One of the inconveniences of modern life that impacts Systems Administration heavily is the thorny issue of authentication and, in particular, the use of passwords. These annoying words and phrases pervade the workplace, our homes, even our cars, and the breadth of services we use on each of the devices we access.
Whilst there some ambitious plans to do away with passwords entirely, not only are these schemes relatively far off but they also involve potentially scary devices like fingerprint and retina scanners– small gadgets that will inevitably be eaten by the dog or will contain grids of numbers far more complicated than our old-school passwords. So in the meantime, below are two reasons why creating hard-to-decipher passwords is worth the effort:
Two Types of Attacks
1. Random Attacks
All computing devices (public or private) connected to the internet are constantly being probed by ne’er do wells from Shanghai to San Diego and from Moscow to Manchester. If you think no one cares about the collection of New Kids on the Block photos stored on your home desktop, you’re partly correct. Friends may not care, but the lurkers are interested in everything, indiscriminately. Home router logs show a constant stream of break-in attempts and your internet connection is no exception.
The majority of these random attacks are generally only for sport—the reward is the triumph of successfully breaking into the system, looking around, and leaving. The compromised system owner is left totally unaware of the breach.
Random attacks typically use brute force techniques such as throwing huge lists of common login names, passwords, and phrases (with the odd spelling variation) at the prey in the hope that one will eventually enable access. Imagine your password is a nation of the world and you have Yakko trying to hack you; this would apply equally to Botswana1 or Lichenstein99, as computers are somewhat faster than fictional cartoon animals (with the exception of Road Runner and Speedy Gonzales).
The best way to avoid random attacks is to avoid using dictionary words or common phrases.
2. Targeted Attacks
No one in Gdansk knows you named your first-born Firebloom Asprilla, so ‘iloveufireyasp’ is safe, right? Absolutely not; family names are even worse than dictionary words. Targeted infiltration attempts come from people who do know who are and, unlike most random cases, they’re not just digging out of curiosity. They’ll use what they know about you to crack the codes you use and access your information.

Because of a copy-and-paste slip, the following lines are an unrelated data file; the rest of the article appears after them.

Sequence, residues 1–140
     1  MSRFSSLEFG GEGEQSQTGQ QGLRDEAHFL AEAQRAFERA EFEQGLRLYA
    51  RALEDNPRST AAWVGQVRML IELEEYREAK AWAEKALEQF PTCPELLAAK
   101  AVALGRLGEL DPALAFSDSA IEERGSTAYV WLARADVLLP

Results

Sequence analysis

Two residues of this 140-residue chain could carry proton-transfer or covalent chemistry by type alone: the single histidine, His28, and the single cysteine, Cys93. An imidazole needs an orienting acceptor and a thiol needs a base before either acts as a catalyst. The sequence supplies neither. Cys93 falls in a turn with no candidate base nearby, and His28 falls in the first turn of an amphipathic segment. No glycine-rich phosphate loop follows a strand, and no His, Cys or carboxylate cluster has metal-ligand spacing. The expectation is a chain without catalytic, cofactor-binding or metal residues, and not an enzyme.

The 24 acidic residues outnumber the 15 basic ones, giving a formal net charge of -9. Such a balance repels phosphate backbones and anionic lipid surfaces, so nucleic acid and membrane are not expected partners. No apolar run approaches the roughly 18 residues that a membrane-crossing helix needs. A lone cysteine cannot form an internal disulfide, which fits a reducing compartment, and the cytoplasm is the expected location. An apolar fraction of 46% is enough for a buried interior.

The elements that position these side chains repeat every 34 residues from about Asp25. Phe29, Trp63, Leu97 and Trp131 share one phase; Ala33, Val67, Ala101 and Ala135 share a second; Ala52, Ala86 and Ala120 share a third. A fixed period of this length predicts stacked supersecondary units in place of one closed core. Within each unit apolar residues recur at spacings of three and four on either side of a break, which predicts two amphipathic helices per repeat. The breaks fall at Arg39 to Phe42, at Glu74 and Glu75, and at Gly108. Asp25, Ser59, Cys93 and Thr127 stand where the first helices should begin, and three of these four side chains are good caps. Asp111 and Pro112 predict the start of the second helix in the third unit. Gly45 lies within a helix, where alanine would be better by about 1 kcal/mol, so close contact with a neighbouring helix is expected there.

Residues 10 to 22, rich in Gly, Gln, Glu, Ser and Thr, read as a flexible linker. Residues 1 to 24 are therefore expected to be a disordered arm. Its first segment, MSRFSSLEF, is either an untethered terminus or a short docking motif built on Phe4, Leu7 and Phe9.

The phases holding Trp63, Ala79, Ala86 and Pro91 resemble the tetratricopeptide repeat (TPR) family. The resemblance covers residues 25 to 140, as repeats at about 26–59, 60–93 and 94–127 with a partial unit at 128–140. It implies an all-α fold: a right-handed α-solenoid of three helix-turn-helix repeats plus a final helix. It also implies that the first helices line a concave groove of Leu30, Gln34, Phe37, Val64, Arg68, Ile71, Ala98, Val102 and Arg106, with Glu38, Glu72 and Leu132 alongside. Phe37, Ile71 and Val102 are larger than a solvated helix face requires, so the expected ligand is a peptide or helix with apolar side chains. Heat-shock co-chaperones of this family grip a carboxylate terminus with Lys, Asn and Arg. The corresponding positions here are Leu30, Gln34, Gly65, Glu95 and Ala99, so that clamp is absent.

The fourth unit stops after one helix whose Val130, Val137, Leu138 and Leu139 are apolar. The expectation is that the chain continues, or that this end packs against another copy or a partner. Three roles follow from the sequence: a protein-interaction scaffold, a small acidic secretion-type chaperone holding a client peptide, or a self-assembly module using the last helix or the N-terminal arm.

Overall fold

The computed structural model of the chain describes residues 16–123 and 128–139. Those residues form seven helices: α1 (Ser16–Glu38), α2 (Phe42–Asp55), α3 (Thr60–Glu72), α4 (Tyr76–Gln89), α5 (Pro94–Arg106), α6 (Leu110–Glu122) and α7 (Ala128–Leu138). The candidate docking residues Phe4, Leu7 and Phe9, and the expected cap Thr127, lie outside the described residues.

If you’re unfortunate enough to be a Seattle Seahawks fan, for example, you’re less likely to get randomly hacked than if you’re a Patriots or Steelers supporter (see chart below). But people at your office see you wearing that Seattle jersey every Friday during the season so ‘Seahawkz’ is still a bad choice. Don’t use sports teams, favorite bands, and especially not the names of your children or pets.
Tangential to this, but still important, is not sharing nicknames and other information on social networks. You never would, knowingly, of course. But ever seen those apps or e-mail surveys telling you to combine your first pet’s name with your mother’s maiden name to find your new hilarious 70’s-style nickname? Well, McWharton Bounder, you just gave away two of the most common answers to security questions needed to access your financial services on the web.
How to Avoid Being Attacked:
There are essentially two approaches to avoid being the target of an attack. The first is to use complex passwords, with capital letters, numbers and (if supported) symbols. A single capital letter doubles the permutation base that a hacker, attempting a brute force password crack, will have to employ. A 3-letter password, for example, gives the hacker 17,576 (or 26 to the 3rd power) variations to try. Adding a single capital letter ups the options to 140,608 (52 to the 3rd power). Extend the math to an 8-character password, add some numbers and symbols and it becomes something in the region of 3,596,345,248,055,296 (888) variations, a number which seems large even to Congress working on this year’s budget or to NFL agents.
Yes, typing eight characters takes longer for human fingers, but the difference between remembering three characters versus eight for the brain is insignificant whilst the difference for a machine is huge.
The other approach is to use uncommon phrases and xkcd can explain that far more gracefully than I can. Though even when you employ a solution like this, you should never re-use a password…for reasons we’ll get in to next time.
At GiftCards.com, we force our employees to adhere to strict password guidelines. And those who log in to our system to create personalized gift cards, to buy discount gift cards, and so forth are encouraged to do the same.
There has been some debate in the office as how to common sports passwords rank. So just for fun, using data from Xato’s list here is the Bad Password League table, based on professional football team names. I demurred from doing proper divisions and playoff brackets as, fun and silly as it is, I have better things to do even outside the football season.
As you can see, the only team names that don’t appear in Xato’s list of the top 10,000 most common passwords are the Texans and the Buccaneers. However given that 30 of the 32 team names appear in the top 10,000, hackers won’t spare Houston or Tampa when carrying out a dictionary attack so it’s still a very bad choice.
~~ Mike Allcock, Former Systems Administrator for Giftcards.com